Saturday, December 31, 2016

LAW 114: End of the Year, Early Morning Thoughts

New Year's Eve, and one of the most often repeated memes on Facebook is about staying up until midnight this year, just to make sure 2016 really does die. I can sympathize with the feeling, but most surely will not be awake at midnight. I am an early morning riser, even now in the dead of winter i am often up, if not before the sun, with it. I've gotten some beautiful pictures that way.

last sunrise through the stern window

One of the very best things about living on the water, in my mind, is the quiet time i spend every morning with my first cup of coffee watching the light change on the water and shore line.
Last sunrise of 2016 from front deck

In spring and summer it is the verdant greens of the trees filling the air with growth. In the fall, the vibrant colors of change fill my eyes, and in winter the stark beauty of bare tree limbs outlined against a cold gray sky fill my heart with hope that the cycle will, inevitably, turn again.
Fog on the river

Summer hike 2016

fall 2016

Until next year, when we will assuredly meet again i hope that you, those you hold dear, and the entire world experience peace, joy, and love in your lives.

Duck tracks off the stern in ice and snow from our first winter

More later,

Oh ya, what's a blog post with out a cat picture? Happy New Year from Magellan, ship's cat extraordinaire, as well as awesome personal embroidery assistant. The proof is in the picture.

He's so much help!

Saturday, December 24, 2016

LAW 113: Wishing You a Wonderful Christmas Eve, and Why I Love Cabbage, Stuffed.

The above sentiment may sound odd in its juxtaposition, but trust me, it works. The last night before serious eating and celebration starts seems a fitting time to have a very hearty, healthy and homey sort of dish and tonight's meal fits all the above in spades. The origin of this dish is German, i first came across it many, many, many years ago in my first copy of The Joy of Cooking. I don't even know the actual name, and no longer have a copy of Joy, but i have cooked it faithfully for decades. One of the things that appealed to me the most when i first read the recipe was the multiple variations already listed for me.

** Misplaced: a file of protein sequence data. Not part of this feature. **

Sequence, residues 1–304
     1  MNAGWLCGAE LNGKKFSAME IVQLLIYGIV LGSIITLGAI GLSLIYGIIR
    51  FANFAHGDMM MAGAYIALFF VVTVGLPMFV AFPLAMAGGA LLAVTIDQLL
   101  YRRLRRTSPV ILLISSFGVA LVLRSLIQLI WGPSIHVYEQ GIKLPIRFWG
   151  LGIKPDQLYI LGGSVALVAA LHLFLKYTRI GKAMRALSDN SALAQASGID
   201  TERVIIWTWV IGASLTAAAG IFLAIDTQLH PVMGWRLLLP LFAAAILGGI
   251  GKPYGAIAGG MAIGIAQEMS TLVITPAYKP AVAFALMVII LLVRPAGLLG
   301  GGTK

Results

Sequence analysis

Assembling the dumpling

Yes, this one is a little bit more work than the average weeknight one pot meal, but...... it is worth it.
So the basics are, cabbage, duh! Preferably a whole head, but hey, use what you've got, i had a large half left from the night before. A protein of some ilk, usually ground pork, or beef, or turkey, or......
a starch, recommendations from the original recipe include, split peas, rice, bread crumbs, pretty much anything you can think of. Over the years i have modified the recipe to be more "Paleo" friendly by cutting the amount of meat in half and substituting diced mushrooms for the missing meat. Last night i added a minced shallot, because i had some. I used a mixture of ground fennel, black pepper and coriander seeds that i had at hand for seasoning, and added some caraway seeds just because it was cabbage, and a touch of thyme. Mix all these ingredients together, last night i used leftover biscuits that i had made for breakfast and set aside.
Putting the cap on the cabbage

Bundle it up nice and warm!

Bring a large pot of water to boil,  you are going to be dipping the hunk of cabbage you have into the boiling water to loosen individual leaves of cabbage. Make sure you completely cut out the core so it separates easily.
Ready for a little hot water bath